named material. Thus, we know that straw and dry pine wood 
each contain thirty-eight per cent, of carbon, and hay nearly 
forty-one (40.73) per cent. But we can make a sufficiently 
close approximation to answer our present purpose. Taking 
the minima of estimated areas of country as a basis, the writer 
has made a careful calculation from averages of the quantities 
of material destroyed on those areas, and has made even a 
closer approximation for the city of Chicago, with the following 
conclusions : 

As a chemical result of this immense combustion we have 
not less than 3,000,000 tons of carbon from the country, and 
300,000 tons from the city, liberated from its union with other 
elements, and carried up into the air in combination with nearly 
nine million tons of oxygen, and adding twelve million tons 
to the quantity of carbonic acid gas already existing in the 
atmosphere. Knowing, as we do, how much the conditions of 
animal and vegetable existence depend upon the constitution of 
the aerial envelope of our globe, it becomes important to ascer- 
tain the extent of disturbance from the normal state, produced 
by this phenomenon. 

The quantity of carbonic acid gas normal to the atmosphere 
at the present day is estimated to be about one part in two 
thousand, the weight will, therefore, be a little less than 
twenty thousand million tons; hence its proportion in the 
atmosphere has been increased by about one part in sixteen 
hundred. The total weight of atmospheric oxygen being a little 
over nine million million tons, its proportion has been decreased 
to the extent of nearly one part in a million. Accepting Liebig'a 


estimate that the annual consumption of oxygen by the lower 
animals, and by combustion, is double the quantity consumed by 
human beings in breathing, we arrive at the astounding result 
that the oxygen taken up by the North-western fires was equal 
to the amount required to supply the consumption of ten 
months all over the globe. 

So far as we are able to judge, the vegetable kingdom was 
intended by the Creator to act as an exact counterpoise to the 
animal world, the former returning to the atmosphere just as 
much oxygen as is taken up by the latter. This does not seem 
to be the case with carbon, the atmospheric portion of which 
appears to have slowly decreased, ever since the carboniferous 
era. At that time the quantity of carbonic acid gas in the 
atmosphere was probably three hundred times greater than 
now, holding in combination one-half of the oxygen, and form-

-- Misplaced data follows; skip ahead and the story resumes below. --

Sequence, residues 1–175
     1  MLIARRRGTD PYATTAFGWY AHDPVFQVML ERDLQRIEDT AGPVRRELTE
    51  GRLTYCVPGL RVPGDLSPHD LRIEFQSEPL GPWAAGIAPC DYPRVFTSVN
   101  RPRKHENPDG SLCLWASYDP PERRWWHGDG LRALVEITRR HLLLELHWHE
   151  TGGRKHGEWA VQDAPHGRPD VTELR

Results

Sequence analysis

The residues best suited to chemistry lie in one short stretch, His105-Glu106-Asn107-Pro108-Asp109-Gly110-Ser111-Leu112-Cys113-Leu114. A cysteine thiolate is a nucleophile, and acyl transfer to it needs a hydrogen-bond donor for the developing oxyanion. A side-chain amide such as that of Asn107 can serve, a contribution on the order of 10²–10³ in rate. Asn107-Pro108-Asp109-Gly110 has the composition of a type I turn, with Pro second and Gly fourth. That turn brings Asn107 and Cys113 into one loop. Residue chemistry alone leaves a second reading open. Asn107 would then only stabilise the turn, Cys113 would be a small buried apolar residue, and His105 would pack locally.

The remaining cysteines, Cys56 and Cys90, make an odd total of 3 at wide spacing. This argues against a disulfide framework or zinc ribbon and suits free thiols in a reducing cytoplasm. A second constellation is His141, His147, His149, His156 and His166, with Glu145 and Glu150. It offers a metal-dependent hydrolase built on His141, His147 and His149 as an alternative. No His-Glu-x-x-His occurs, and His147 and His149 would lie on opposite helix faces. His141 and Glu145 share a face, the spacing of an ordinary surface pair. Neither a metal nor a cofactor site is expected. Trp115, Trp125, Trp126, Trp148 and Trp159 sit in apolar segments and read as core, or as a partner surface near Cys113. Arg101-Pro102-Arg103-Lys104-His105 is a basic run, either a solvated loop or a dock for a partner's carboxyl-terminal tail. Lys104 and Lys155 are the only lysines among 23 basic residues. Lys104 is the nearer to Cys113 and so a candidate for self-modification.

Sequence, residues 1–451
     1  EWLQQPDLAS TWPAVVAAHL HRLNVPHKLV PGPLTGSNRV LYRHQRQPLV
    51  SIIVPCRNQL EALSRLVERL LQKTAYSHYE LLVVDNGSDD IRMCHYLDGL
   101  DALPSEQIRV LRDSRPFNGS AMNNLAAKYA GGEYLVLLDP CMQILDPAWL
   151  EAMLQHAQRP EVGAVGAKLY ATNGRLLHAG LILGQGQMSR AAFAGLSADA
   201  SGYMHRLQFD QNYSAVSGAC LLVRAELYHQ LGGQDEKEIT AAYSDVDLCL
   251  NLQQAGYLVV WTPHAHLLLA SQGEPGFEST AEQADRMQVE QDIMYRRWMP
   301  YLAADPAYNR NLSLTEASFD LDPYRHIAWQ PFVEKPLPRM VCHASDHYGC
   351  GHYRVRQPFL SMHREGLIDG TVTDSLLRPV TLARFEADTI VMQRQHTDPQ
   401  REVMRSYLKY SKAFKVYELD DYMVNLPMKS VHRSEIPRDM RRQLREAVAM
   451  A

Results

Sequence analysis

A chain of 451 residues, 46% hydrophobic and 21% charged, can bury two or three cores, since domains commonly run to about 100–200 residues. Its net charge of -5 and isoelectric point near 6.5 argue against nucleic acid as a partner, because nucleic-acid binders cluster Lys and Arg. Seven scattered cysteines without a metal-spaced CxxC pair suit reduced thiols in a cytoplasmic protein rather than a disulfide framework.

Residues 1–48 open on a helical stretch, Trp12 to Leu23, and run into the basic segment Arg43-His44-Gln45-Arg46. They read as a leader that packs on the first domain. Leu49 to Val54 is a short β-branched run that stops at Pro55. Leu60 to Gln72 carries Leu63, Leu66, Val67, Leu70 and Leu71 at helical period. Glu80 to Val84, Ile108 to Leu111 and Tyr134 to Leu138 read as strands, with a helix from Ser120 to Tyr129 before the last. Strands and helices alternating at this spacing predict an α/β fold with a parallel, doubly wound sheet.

ing fifteen to twenty per cent, of the total weight of the air. 
(Brogniart estimates seven or eight per cent.) The amount of 
free carbonic acid gas has diminished, approximately, at the rate 
of about one part in five thousand, each century since then. 
In this respect, therefore, the North-western fires have restored 
the atmospheric conditions of three hundred years ago. 

A glance at the characteristics of the carboniferous era will 
enable us to appreciate the importance of this fact. We know 
that if we replace eight per cent, of the oxygen in the atmos- 
phere of the present day with an equal volume of carbonic acid 
gas, the mixture is alike fatal to animal life and to combustion. 
Even the lower orders of animal life could only exist when the 
atmosphere had been partially cleared of its superabundant car- 
bon. And this was accomplished by the vegetable kingdom, 
which then flourished with a luxuriance of which we can form 
but a faint conception, though the immense coal deposits, un- 


earthed in the present century, tell the tale of primeval vegeta- 
ble growth, proportionate in its exuberance to the abundant 
presence of the acid that formed its food. Farther along the 
stream of time, many scores of thousands of years nearer to the 
commencement of our written history, when these gigantic ferns 
had done their work, and fixed a large proportion of that car- 
bon into the shape in which it is now utilized, animal existence 
became possible; and the same conditions that had previously 
ministered to immense vegetable forms, now made possible the 
elimination of a mammoth bony frame-work to support the 
muscular tissues of animals, giant-like even as compared with 
the elephant of our own day. There is no doubt that the 
human race appeared upon the earth just as soon as human 
respiration became possible ; neither can there be any doubt that 
the "first families" lived in what was a genuine "Garden of 
Eden " when compared with the more sparse vegetation of the 
present epoch, or that the peculiar facility afforded to the for- 
mation of carbonate of lime justified the assertion of Holy 
Writ that " there were giants in those days." 

The abstraction of carbonic acid gas from the atmosphere is 
still progressing, though not so rapidly as in the days of yore. 
This appropriation by the vitalized forms that exist upon the 
land surface is not a permanent loss, as all thus taken away 
from the general fund by the one is restored by the compen- 
sating activities of another, or yielded up in the disintegration 
that follows the death of organic forms. But it is not so with 
life in the sea. The immense quantities of carbonic acid taken 
up in the secretion of the bony coverings of shell-fish, mostly 
sink to the bottom of the ocean, where they lie forever undis-